Tuesday, 15 December 2009

Innit Sweethearts?

Mike Leigh is a love or hate director. Truly. I think he is that polarising. I remember when Happy-Go-Lucky opened the Sydney Film Festival last year, I knew people who tried to watch it, knowing they hated his films, and got through fifteen minutes before leaving. Then, I know people who love his films, who will gladly watch anything he puts out. I fall into the latter camp, but I can totally see why people would hate him. His films are very demanding on the viewer.

I won’t go too much into how Leigh makes his films, as it’s pretty well documented. He favours a heavily rehearsed and improvised approach, where secrets and plot points are revealed to the actors as they go along. I guess this is why his performers are often so incredible - they really have to inhabit the characters in order that they can maintain the continuity over months of development and shooting, without knowing what is really happening around them. Much like life, really. But yes, he’s sent Brenda Blethyn to an Oscar nom for Secrets and Lies, Imelda Staunton to one for Vera Drake and Sally Hawkins to one for Happy-Go-Lucky. Oh, wait, that last one isn’t true. AND WHAT A SCANDAL THAT IS.

But moving on.

Leigh’s major breakout film across the pond was Secrets and Lies, his '96 film launching Brenda Blethyn onto the world with her turn as Cynthia, along the way receiving five Oscar noms and that pretty leaf from Cannes, the Palme d’Or, among many others including the Best British Film BAFTA. An aging single mother to Roxanne, Cynthia has a strained relationship with her sister-in-law Monica (Phyllis Logan), meaning she doesn’t get to see her brother Maurice (Timothy Spall), a successful photographer, anywhere near as often as she’s like. Roxanne has recently started to see a new man, leaving Cynthia virtually alone.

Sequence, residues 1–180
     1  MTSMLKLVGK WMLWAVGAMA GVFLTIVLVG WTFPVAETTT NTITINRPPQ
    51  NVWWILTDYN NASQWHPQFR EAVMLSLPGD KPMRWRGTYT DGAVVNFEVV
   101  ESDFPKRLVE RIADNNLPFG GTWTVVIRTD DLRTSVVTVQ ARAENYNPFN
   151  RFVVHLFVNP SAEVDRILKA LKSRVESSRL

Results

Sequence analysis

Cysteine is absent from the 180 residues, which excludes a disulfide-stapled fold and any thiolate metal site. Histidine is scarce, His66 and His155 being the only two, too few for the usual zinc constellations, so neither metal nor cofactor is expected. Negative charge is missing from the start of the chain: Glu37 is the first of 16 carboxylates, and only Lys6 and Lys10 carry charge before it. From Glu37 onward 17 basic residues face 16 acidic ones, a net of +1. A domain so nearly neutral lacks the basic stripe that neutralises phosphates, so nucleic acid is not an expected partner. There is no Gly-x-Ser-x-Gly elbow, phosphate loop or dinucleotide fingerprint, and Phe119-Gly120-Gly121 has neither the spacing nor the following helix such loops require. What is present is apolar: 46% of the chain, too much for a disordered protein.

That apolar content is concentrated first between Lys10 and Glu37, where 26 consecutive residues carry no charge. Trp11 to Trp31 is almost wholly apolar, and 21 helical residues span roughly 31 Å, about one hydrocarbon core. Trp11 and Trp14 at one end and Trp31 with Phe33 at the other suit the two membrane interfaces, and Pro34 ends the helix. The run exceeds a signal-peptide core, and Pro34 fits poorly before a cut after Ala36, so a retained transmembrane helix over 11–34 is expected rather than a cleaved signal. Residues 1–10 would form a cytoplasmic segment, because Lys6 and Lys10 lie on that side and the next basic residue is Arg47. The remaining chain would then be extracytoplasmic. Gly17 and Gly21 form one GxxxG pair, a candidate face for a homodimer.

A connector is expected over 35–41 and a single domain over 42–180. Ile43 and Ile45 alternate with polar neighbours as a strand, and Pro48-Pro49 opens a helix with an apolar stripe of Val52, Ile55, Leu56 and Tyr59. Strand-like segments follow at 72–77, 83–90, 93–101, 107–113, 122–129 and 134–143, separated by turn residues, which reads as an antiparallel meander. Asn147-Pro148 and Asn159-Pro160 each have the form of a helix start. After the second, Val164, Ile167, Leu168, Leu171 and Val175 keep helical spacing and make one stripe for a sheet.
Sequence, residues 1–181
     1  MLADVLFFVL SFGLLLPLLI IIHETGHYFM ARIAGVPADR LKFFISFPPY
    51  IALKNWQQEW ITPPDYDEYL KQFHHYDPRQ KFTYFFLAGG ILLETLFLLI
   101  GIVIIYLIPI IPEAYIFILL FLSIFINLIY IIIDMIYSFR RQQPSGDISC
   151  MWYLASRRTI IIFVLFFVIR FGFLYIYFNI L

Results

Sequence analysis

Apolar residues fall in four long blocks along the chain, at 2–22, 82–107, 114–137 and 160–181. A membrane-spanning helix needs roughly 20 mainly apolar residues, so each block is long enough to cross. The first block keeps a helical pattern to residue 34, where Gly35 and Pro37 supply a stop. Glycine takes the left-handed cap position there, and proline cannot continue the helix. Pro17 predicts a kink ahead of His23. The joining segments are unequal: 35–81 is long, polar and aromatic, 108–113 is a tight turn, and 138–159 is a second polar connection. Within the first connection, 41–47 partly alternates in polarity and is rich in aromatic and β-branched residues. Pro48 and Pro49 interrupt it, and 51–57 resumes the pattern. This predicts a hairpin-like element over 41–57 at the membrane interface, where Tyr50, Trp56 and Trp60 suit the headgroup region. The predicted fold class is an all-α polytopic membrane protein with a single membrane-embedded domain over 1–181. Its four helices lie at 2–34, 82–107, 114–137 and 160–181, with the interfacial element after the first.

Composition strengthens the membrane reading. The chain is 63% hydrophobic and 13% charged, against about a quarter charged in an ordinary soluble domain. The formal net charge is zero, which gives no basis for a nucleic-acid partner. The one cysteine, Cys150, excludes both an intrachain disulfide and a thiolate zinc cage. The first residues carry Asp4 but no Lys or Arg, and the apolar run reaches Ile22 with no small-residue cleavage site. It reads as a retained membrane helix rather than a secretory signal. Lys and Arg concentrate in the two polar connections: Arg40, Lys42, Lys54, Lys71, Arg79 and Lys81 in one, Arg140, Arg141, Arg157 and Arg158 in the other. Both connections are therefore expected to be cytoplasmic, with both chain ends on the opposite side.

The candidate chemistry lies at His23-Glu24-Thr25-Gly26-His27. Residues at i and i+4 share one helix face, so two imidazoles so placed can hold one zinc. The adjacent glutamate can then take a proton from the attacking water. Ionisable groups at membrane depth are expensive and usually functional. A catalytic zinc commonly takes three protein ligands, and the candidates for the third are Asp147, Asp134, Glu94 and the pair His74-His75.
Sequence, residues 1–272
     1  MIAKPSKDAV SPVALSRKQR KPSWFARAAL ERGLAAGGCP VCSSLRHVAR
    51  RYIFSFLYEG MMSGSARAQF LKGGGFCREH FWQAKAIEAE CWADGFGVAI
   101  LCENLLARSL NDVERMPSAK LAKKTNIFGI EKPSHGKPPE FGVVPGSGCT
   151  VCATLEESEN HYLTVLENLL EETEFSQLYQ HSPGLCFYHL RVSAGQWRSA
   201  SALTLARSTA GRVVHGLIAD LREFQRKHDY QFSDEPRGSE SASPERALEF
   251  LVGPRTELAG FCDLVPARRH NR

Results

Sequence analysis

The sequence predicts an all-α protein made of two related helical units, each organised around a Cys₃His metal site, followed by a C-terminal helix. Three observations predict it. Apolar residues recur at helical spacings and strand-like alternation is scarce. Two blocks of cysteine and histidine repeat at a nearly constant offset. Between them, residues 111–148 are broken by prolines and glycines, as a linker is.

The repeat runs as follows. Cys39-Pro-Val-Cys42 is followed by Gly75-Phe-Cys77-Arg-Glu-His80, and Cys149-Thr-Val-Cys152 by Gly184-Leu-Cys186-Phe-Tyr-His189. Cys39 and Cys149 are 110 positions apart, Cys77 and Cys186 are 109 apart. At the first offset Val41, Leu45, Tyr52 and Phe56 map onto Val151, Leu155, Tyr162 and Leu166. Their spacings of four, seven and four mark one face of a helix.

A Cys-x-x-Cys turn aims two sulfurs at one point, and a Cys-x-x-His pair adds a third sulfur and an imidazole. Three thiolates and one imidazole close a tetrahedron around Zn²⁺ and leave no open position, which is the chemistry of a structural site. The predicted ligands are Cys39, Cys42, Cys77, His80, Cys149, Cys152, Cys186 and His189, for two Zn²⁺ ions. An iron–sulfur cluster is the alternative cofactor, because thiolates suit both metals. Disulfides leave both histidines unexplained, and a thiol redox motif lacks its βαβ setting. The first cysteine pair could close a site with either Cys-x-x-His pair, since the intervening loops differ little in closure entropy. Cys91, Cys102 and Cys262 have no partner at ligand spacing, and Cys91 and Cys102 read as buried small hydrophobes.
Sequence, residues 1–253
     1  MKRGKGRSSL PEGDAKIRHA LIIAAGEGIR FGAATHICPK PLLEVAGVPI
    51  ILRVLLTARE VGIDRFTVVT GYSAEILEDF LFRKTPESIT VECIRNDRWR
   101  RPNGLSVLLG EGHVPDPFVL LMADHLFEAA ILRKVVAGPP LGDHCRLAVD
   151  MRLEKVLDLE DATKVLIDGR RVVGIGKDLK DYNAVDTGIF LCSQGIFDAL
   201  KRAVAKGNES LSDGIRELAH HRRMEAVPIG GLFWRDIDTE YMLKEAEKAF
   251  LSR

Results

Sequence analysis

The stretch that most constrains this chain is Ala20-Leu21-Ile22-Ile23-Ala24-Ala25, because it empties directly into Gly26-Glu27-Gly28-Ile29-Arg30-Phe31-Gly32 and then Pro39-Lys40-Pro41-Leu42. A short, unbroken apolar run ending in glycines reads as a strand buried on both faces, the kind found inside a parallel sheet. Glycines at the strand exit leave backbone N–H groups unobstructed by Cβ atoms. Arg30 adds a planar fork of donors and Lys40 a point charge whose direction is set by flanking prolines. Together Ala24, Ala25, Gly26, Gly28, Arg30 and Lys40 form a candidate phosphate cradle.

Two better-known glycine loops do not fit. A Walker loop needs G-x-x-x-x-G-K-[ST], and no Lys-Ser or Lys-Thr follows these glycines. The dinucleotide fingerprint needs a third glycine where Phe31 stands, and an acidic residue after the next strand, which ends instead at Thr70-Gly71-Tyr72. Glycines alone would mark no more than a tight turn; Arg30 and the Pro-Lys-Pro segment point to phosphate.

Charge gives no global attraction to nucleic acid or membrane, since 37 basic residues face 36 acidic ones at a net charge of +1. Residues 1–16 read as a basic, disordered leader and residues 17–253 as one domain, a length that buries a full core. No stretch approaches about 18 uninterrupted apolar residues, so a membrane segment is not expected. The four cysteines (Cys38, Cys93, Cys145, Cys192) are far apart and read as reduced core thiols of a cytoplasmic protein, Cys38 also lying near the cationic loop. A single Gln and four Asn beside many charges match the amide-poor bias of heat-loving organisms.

All of this changes with a phone call from Hortense (Marianne Jean-Baptiste in another Oscar nominated turn), bringing an unsettling revelation and reminder of the past. Hortense fills the lonely void in Cynthia’s life, bringing her much happiness, but it’s a dangerous lying game they’re playing, one certain to come dramatically to an end at Roxanne’s 21st birthday party, held at Maurice’s house.

I’ve heard criticism of Blethyn as too hysterical. I can see where that’s coming from, but, really, no one does hysterical like she does it, and here, she does it perfectly. She carries such loneliness and emotional baggage on her shoulders for the entire film (and it’s not a short one) flawlessly. You truly feel for her every time she sheds a tear. Here she is, she has tried to do everything to help her daughter and create a family, and it’s all coming to nought. The one shot at happiness that she has, that brought by Hortense, is not only fringed with danger, it is positively plated in it. This happiness can only last so long - but while it does last, you feel so, so good for Cynthia. The difference is remarkable.

The supporting cast are similarly excellent. Spall plays the younger brother very well. He tries to be supportive, though as the younger and more successful sibling this is always difficult, but is nevertheless somewhat curtailed by his wife’s lack of enthusiasm for a relationship with his family - from her posh heights, they must seem like an appalling bunch of deadbeats. But she also has her secrets, and its exposure, amongst the rest of the revelations in the climactic scene, is equally explosive. Jean-Baptiste is wonderfully stoic in the face of this family meltdown of which she isn’t really a part, but is there for and forced to experience - and a lot of it is seen to be her fault, an unfair laying of blame, but in the circumstances, who else are they going to blame?

I thoroughly, thoroughly enjoyed this film. That’s three hits from three for me and Mike Leigh. It’s an excellent socio-realist study of family, backed up by astonishingly real performances and a terrific, oft-improvised script. 4.5 stars, and I can’t wait for the next offering from this master of British cinema.

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